A key aspect of the Transoceanic Visual Exchange project (TVE) is to integrate community voice into its curatorial framework. This is in order to explore the effectiveness of a lateral approach to curatorial practice, as opposed to the traditional hierarchical approach.
To facilitate this ethos in the Caribbean branch of TVE, two workshop sessions were hosted by the Fresh Milk Arts Platform Inc in Barbados. One was held on the grounds of Fresh Milk, the subsequent was held at the Errol Barrow Center for Creative Imagination at the University of the West Indies (EBCCI).
For the first session, Fresh Milk Director Annalee Davis and myself were joined by Groundation Grenada founder Malaika Brooks Smith-Lowe, Perez Art Museum Miami Curator Maria Elena Oritz and filmmaker Russell Watson. For the second session, I met with Senior Lecturer in Film at EBCCI Andrew Millington, and Producer / Director at Studio Caribe Sanna Allsopp.
The participants of these sessions were asked to bring a clip of a film or video work from the Caribbean as a visual to their thoughts on three strains of inquiry:
- How Caribbean narratives are currently portrayed through film and video works;
- How these may connect with Africa and New Zealand;
- How national, regional, and international artistic communities can be fostered through exchange of visual narratives in film and video.
The clips chosen varied in style and content, allowing for broad examples to draw from. In addition to these, a sample of three (publicly available) submissions was presented to the groups, furthering the discussion and linking discourse to the project directly.
From this format and two sessions, the following points were drafted, and these informed the curatorial process in selecting works to be screened in the TVE physical and digital spaces.
Embracing diversity over identity
There was a consensus in both groups that representational narrative in Caribbean media has been problematic in relentless attempts to construct a ‘Caribbean identity’. This is viewed as creatively limited, and usually catering to a touristic ideal. As an alternative, an emphasis was put on embracing narratives that facilitated the diverse experiences in the region. For example, the recent Barbadian short film Auntie (d. Lisa Harewood, 2013) was discussed as an un-romanticized portrayal of an authentic Barbadian experience. It was felt there was a need for more recognition of diverse experiences in the narrative choices of filmmakers and video artists in the region.
Although links with Africa and New Zealand can be made through a shared colonial history, it was thought that the submissions to this project may bring to light different possible conversations in individual artist / filmmaker discourse.
Film as a ‘safe’ space to bring up difficult societal discourse
It was noted that in Caribbean society, some controversial aspects of our histories and cultures are difficult to bring to the discursive surface. Building from the first point of going beyond narratives of identity, film works can function as an accessible and ‘safe’ space to facilitate conversations around social issues. Linking with the shared colonial history of Africa and New Zealand, it was discussed that mainstream films relating to this are often made from a perspective outside of the Caribbean. Additionally, there is very little explicit linkage between that history and the contemporary Caribbean society portrayed in films. However, artistic video and new media works are mediating this scarred cultural landscape.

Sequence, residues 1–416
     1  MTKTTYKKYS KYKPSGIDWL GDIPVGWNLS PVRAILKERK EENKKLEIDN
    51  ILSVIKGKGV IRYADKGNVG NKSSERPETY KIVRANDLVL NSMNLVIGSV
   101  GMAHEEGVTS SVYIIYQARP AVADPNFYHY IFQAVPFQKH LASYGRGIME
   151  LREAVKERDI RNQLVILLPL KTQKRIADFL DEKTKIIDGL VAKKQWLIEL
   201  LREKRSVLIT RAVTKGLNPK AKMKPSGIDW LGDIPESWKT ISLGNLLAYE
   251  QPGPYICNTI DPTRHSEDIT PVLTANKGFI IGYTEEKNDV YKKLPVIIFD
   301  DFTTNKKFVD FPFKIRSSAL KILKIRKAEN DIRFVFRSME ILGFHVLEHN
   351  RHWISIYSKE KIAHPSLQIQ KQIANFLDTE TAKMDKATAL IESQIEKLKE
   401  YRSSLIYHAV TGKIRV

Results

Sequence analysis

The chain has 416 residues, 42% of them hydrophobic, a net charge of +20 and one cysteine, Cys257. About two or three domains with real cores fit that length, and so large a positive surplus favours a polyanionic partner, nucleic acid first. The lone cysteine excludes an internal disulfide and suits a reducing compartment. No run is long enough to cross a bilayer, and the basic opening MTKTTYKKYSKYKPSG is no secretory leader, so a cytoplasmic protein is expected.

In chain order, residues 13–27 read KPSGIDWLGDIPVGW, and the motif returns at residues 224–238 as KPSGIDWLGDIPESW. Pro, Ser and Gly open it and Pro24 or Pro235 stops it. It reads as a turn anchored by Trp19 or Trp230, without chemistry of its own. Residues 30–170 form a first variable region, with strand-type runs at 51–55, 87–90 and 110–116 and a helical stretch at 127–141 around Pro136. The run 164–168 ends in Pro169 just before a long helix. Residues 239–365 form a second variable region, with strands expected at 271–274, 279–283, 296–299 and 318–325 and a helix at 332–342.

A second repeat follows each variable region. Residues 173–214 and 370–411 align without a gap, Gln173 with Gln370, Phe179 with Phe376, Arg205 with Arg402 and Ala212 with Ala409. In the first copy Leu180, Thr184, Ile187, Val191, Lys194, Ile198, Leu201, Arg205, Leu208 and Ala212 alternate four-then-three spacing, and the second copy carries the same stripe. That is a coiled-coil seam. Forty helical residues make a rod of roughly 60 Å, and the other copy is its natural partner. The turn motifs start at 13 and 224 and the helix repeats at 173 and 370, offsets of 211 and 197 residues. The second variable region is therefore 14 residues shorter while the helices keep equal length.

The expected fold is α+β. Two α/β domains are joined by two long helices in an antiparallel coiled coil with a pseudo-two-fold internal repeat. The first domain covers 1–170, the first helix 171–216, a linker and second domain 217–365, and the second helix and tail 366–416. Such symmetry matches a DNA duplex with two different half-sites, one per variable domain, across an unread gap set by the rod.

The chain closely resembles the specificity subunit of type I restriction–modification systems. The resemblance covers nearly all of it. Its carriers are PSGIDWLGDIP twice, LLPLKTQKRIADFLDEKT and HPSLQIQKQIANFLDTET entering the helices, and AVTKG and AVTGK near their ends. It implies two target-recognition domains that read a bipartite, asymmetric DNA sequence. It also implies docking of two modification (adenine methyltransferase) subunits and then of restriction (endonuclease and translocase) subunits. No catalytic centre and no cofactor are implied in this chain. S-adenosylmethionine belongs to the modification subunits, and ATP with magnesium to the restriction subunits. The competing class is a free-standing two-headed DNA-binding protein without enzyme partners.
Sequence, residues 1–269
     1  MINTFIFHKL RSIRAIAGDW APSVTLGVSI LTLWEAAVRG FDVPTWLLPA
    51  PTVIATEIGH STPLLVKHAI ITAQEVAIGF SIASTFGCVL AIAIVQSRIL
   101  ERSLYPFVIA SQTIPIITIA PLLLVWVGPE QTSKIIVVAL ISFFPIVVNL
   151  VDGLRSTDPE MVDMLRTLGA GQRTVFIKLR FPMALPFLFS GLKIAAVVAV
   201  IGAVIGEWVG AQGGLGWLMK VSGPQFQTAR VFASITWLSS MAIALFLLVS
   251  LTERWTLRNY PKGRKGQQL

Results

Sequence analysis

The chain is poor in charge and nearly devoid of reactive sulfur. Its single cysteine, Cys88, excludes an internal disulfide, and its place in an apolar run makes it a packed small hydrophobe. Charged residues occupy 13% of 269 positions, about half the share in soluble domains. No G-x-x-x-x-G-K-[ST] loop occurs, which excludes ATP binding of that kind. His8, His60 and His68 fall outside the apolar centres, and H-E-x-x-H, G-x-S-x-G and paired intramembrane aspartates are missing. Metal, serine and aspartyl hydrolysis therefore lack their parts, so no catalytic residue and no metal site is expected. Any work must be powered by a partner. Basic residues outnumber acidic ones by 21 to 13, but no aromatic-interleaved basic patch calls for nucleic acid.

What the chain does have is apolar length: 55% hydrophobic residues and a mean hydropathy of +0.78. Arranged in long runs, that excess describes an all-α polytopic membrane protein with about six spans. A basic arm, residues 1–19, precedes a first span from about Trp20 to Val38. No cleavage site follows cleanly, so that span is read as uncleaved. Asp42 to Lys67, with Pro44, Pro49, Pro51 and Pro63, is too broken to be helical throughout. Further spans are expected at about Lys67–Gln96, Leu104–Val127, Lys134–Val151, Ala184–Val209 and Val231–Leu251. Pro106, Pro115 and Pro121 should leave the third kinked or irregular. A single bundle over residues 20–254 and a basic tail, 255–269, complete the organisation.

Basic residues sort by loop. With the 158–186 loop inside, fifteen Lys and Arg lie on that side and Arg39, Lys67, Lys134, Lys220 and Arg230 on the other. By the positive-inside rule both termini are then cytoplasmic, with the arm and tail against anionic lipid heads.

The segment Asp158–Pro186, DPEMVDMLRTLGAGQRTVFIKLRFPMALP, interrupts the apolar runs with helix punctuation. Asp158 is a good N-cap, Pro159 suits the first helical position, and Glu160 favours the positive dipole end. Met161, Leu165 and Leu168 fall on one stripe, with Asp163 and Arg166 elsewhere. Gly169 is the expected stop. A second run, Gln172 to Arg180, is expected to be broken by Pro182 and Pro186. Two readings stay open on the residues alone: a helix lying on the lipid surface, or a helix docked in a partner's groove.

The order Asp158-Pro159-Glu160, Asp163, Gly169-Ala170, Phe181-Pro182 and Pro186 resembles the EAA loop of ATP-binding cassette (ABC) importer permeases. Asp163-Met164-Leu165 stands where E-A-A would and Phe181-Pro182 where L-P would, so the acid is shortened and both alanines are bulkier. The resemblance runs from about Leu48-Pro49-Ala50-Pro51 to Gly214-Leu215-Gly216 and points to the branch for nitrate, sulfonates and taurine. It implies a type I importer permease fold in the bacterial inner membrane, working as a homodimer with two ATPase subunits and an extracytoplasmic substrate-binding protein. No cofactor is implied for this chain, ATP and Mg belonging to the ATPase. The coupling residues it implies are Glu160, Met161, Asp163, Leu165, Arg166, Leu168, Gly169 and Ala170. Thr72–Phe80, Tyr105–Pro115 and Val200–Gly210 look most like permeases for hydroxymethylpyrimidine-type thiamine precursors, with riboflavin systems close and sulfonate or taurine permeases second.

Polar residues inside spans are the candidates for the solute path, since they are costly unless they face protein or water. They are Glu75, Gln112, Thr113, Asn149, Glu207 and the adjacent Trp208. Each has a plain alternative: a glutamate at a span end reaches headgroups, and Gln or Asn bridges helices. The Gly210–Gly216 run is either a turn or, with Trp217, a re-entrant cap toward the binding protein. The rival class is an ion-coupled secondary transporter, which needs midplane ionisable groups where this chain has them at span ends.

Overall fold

There was also a notion of film facilitating community voice for previously invisible aspects of Caribbean culture. Returning to the film Auntie, this is evident in the Barrel Stories Project. In this initiative, oral histories around aspects of parental migration and children being raised by relatives until “sent for”, give the public both in the region and diaspora a platform to connect and exchange an overlooked history. Barrel Stories states: “People said that for the first time, they felt like someone understood what they had been through and that they felt a sense of relief.” It was agreed in the discussions that effective contemporary filmmaking in the Caribbean sparked some type of community connection.
Exploring the space between video work as ‘fine art’ and video work as ‘popular culture’
One reflection on the TVE project as a whole was whether it could realistically be an accurate survey of what was happening across filmmaking in the Caribbean, to be presented in Africa and New Zealand. In particular, how it proposed to bridge film and video works considered ‘fine art’ to those considered more popular. From a technical perspective it was debated that while the Anglophone Caribbean appeared less developed in terms of techniques and quality of tools used, was it more an indication of where the film community was at culturally rather than a lack of skill? This was probed further by using an example of a Barbadian local web series Scab Whisperer and the disconnect between groups producing similar works and groups that were in Fresh Milk’s target audience (and indeed the list of submitted works). Is there an in-between space that this project can navigate?
Although content of discussions in both workshop sessions were extremely insightful and engaging, what was truly exciting was bringing together practitioners in a community, to contribute to what is traditionally an exclusive curatorial process. For some, it was the first time they had connected with each other, and it was expressed as an unusual chance to exchange ideas about contemporary film and video works in the Caribbean. These sessions highlighted the need for more platforms on cultural discourse, and lay a positive foundation for the future international exchange with Africa and New Zealand.
A huge thanks to our participants for their insightful contributions